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Washington, DC American Democratic Capitalism July 23 – August 5, 2017

Application Deadline
Monday, February 6, 2017
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Part of our 7-week Political Studies Program. Apply for this course or our full summer program. $1,000 stipend, plus course materials and housing.

This intensive two-week seminar is run in conjunction with National Affairs magazine. It aims to educate undergraduate students and recent graduates about the intersection of theory and practice in our national politics, and particularly in our key economic debates. Students will also learn from and interact with distinguished experts in various arenas of public policy.

The program will consist of two sessions per day over a two-week period. Each morning, students will participate in a seminar led by National Affairs editor Yuval Levin on the philosophical underpinnings of key issues in American public life.

Each afternoon, they will participate in a seminar led by a leading think-tank or academic expert on that individual’s area of expertise and will consider how the practice of policy-making relates to the principles underlying our constitutional system and our political life.

Among the topics to be covered are:

Entitlement reform

Health care

Welfare

Tax policy

Education

Students will gain a deeper understanding of the key domestic challenges confronting our country, of just what policymakers do, of how economics and politics interact, and of how to approach some of our most contentious national debates.

Time and Location
This two-week course will take place in Washington, DC. It is a full-time commitment for Monday–Friday, with required sessions in the morning, afternoon, and some evenings.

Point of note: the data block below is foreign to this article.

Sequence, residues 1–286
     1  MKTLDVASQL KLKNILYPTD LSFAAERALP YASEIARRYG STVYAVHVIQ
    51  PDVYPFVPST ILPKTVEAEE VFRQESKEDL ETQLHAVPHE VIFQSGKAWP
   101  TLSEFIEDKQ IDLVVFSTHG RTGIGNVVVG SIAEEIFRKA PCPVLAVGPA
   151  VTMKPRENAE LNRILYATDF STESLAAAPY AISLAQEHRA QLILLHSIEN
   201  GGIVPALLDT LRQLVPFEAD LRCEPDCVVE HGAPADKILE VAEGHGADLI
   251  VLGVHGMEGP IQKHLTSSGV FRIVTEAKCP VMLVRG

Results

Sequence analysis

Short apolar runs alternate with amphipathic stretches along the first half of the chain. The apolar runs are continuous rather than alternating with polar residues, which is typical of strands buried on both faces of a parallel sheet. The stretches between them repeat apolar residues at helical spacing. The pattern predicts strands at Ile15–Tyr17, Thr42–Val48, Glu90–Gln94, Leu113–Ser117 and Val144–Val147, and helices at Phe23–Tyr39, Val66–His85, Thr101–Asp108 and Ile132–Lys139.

Syllabus

Download

Recommended Reading: National Affairs is a quarterly journal of essays about domestic policy, political economy, society, culture, and political thought.


Session 1 (Morning): Introduction                                          

     Readings:


Session 1 (Afternoon): Daniel DiSalvo, Manhattan Institute, on Public Policy as a Profession


Session 2 (Morning): Aristotle and Locke on Economics       

     Readings:


Session 2 (Afternoon): Daniel DiSalvo, Manhattan Institute, on Public-Sector Unions

     Readings:


Session 3 (Morning): Adam Smith on Life in a Free Society  

Readings:


Session 3 (Afternoon): Scott Winship, Foundation for Research on Equal Opportunity, on Measurement and Policy

     Readings:


Session 4 (Morning): The Progressives and the Welfare State

     Readings:


Session 4 (Afternoon): Scott Winship, Foundation for Research on Equal Opportunity, on Inequality and the Middle Class

     Readings:


Session 5 (Morning): Responses to the Welfare State         

     Readings:


Session 5 (Afternoon): James C. Capretta, AEI, on Budgets and Fiscal Policy

Readings:


Session 6 (Morning): How Government Works, Why Government Fails             

     Readings:


Session 6 (Afternoon): Reihan Salam, National Review, on Journalism, Politics, and Policy


Session 7 (Morning): Health Care and Entitlements                       

    Readings:


Session 7 (Afternoon): Aaron Nielson, BYU Law, on Regulation

     Readings:


Session 8 (Morning): Tax Policy

     Readings:


Session 8 (Afternoon): Aaron Nielson, BYU Law, on Regulation

     Readings:


Session 9 (Morning): Higher Education and Liberal Education

     Readings:


Session 9 (Afternoon): Michael McShane, AEI, on K-12 Education

     Readings:


Session 10 (Morning): Michael McShane, AEI, on Choice in Education       

   Readings:


Session 10 (Afternoon): Welfare and Economic Mobility – and Concluding Discussion    

   Readings:

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